The Stump

By Amy Waeschle

March 7, 2014


Chris Sardelis

The first time I tried to surf the wave east of the Elwha River mouth in Washington, I thought I was going to get shot. I was driving uninvited on tribal land with surfboards on my roof rack when a teenager flagged me down through the fog. He warned me about the Man With the Shotgun and his leave-no-surfer-behind program. Weeks later, outfitted with a better map, I discovered a safer route to the coast that involved a muddy hike and a brisk paddle across the swift and seemingly bottomless Elwha. I quickly grew to love the wildness of the place as much as the thrill of surfing its fast, fickle wave.

And now that wave is gone. Poof. A casualty of one of the most significant environmental victories in Washington State history.

Christened "the Stump" by surfers, who used an uprooted tree marooned on the beach as a landmark, the wave would materialize out of the green-gray Strait of Juan de Fuca into a steep slope perfect for stopping your heart. I've scored rocket-fast rides at the Stump that left me so smitten with speed that my smiling muscles ached. I've also been skunked, outsurfed by old-timers, and scared witless. 

Upstream from where we surfed, the Elwha was clogged by two dams that had been constructed in the early 1900s to furnish hydroelectricity for the region's pulp and paper industry. Built without fish passages, the dams blocked more than 70 miles of salmon spawning habitat. In 1990, as a geology student at the University of Washington, I was among the thousands of people who lobbied to have them torn down. Let the river run free, I wrote to my congressman. Let the salmon come home. And in 1992, Congress granted our wish by passing the Elwha River Ecosystem and Fisheries Restoration Act.

Workers began dismantling the dams in late 2011. Already, the river's salmon population is rebounding. In a one-day survey of the river last September, biologists counted more than 1,700 salmon—an encouraging sign given that yearly numbers have remained below 3,000 since 1986. The best part: 75 percent of the fish were found up-river from the old Elwha dam site.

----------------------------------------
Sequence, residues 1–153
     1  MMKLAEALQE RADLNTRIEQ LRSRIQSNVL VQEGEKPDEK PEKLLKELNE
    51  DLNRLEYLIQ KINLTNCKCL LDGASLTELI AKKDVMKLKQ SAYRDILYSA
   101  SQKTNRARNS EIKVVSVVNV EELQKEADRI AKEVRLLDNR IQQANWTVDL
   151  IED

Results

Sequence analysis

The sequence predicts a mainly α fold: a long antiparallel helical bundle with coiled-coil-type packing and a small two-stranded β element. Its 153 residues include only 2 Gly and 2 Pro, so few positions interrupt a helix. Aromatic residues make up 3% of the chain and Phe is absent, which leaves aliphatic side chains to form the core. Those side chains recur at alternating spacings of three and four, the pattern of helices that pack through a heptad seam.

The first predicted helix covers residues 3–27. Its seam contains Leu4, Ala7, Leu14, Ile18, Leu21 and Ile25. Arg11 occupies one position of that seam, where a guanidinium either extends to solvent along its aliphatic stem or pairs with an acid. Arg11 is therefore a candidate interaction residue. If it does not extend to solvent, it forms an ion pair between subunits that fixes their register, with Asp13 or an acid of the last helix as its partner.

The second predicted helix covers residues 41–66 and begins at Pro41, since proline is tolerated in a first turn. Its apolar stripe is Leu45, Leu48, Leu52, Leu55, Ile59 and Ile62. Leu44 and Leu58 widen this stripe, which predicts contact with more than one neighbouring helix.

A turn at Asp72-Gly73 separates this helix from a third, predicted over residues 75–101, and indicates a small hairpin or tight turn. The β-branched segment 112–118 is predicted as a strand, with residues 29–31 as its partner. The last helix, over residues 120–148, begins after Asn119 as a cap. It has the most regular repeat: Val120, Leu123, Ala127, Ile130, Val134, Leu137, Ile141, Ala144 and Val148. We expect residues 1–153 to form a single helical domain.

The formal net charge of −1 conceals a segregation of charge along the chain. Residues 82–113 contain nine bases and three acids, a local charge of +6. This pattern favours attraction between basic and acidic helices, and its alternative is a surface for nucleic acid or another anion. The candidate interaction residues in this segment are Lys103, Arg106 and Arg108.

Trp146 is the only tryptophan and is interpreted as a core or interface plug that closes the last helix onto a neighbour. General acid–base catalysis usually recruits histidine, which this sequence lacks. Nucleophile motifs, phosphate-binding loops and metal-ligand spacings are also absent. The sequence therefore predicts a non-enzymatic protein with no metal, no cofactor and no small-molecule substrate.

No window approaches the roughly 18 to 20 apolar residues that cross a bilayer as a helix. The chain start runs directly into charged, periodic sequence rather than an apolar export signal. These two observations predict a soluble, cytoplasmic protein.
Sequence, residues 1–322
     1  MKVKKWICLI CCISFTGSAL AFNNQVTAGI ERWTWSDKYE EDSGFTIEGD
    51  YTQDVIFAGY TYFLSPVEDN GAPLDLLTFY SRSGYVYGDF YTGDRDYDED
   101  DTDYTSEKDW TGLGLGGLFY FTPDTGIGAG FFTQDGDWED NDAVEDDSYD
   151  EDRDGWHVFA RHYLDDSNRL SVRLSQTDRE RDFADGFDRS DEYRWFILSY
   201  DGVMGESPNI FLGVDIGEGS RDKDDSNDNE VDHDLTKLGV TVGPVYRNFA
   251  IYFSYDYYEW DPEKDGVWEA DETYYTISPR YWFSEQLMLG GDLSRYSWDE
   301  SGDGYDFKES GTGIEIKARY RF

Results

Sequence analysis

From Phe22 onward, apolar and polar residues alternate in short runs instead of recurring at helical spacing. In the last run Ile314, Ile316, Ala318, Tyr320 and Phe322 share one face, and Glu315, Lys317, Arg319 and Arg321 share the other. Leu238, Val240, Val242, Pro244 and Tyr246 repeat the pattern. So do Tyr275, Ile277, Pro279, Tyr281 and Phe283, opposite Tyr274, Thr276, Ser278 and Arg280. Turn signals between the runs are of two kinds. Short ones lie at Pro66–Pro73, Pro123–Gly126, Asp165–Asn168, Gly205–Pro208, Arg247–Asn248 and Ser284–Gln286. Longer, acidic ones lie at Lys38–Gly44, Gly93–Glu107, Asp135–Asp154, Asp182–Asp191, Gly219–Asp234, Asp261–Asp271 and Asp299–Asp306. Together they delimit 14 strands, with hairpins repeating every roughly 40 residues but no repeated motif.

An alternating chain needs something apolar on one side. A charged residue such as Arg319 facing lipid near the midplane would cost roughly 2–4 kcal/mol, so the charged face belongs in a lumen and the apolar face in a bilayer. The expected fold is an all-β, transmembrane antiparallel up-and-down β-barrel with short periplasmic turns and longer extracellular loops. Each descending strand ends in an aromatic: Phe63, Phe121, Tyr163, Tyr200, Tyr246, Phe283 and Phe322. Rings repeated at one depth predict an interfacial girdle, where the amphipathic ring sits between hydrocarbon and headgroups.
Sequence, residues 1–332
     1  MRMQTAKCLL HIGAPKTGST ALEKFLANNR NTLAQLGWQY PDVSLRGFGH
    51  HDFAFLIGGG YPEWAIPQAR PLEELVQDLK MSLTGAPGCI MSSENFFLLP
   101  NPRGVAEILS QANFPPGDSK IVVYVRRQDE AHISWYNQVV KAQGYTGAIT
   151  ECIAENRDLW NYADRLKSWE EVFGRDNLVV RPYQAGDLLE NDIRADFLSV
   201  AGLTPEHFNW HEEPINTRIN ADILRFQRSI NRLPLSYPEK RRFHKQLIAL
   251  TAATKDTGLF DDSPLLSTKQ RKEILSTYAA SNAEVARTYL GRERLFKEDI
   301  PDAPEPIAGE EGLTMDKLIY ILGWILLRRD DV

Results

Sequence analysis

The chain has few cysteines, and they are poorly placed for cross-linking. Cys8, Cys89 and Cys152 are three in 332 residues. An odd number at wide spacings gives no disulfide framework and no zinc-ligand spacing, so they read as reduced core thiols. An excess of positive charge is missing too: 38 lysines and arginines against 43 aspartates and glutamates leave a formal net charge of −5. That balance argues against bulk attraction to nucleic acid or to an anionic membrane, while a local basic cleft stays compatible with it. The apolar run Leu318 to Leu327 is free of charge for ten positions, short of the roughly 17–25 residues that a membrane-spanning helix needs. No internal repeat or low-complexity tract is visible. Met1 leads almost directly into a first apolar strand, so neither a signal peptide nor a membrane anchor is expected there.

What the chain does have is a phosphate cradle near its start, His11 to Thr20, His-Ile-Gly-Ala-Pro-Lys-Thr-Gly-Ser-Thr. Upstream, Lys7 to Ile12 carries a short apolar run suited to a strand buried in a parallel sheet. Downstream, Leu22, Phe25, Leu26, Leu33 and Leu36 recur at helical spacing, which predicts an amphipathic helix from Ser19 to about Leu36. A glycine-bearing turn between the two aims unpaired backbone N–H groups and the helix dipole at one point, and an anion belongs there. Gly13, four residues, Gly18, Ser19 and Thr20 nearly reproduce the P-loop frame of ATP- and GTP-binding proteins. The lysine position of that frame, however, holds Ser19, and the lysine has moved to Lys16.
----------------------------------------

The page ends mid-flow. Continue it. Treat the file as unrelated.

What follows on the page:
Not too long ago, I visited the place where the Stump used to be. The cobbled bank remained, but the beach I remembered—a narrow strip of mango-size green and brown rocks—had been otherwise reconfigured. A mattress of compressed sticks cushioned my steps. Skeleton-white or partially barked, the woody tidbits had been flushed down the watershed, tumbled by currents and tides, and pushed ashore by storms.

I stepped down from the driftwood boneyard onto a football field of charcoal-gray sand that covered the zone where the wave used to break. My boots made deep footprints where knee-high water once flowed. 

Before I was a surfer, I was an environmentalist. And as a surfer, I find that my environmental connection has only deepened—how could it not? Surfers don't just appreciate nature; we bathe in it. We worship healthy oceans, and by extension clean beaches, big old trees, and wild fish. But saying goodbye to a good wave isn't easy.

Maybe decent surf will break here again someday, after the river and ocean rework the remaining 70 percent of the sediment yet to flow downstream. It might even be a better wave, a more consistent wave. Or maybe the place once known as the Stump will remain just another wild and empty Pacific Northwest beach. I can picture my daughters running across the sand with buckets and shovels, their pant legs bunched at the knees. They'll build sand castles and dig pits and play in the crystalline wavelets lapping the shore. When the sun dips behind the ancient trees, we'll gather around a driftwood fire, and I will tell them about the wave that used to break here, like a gift from the ocean gods, and I will tell them why I'm glad that it's gone.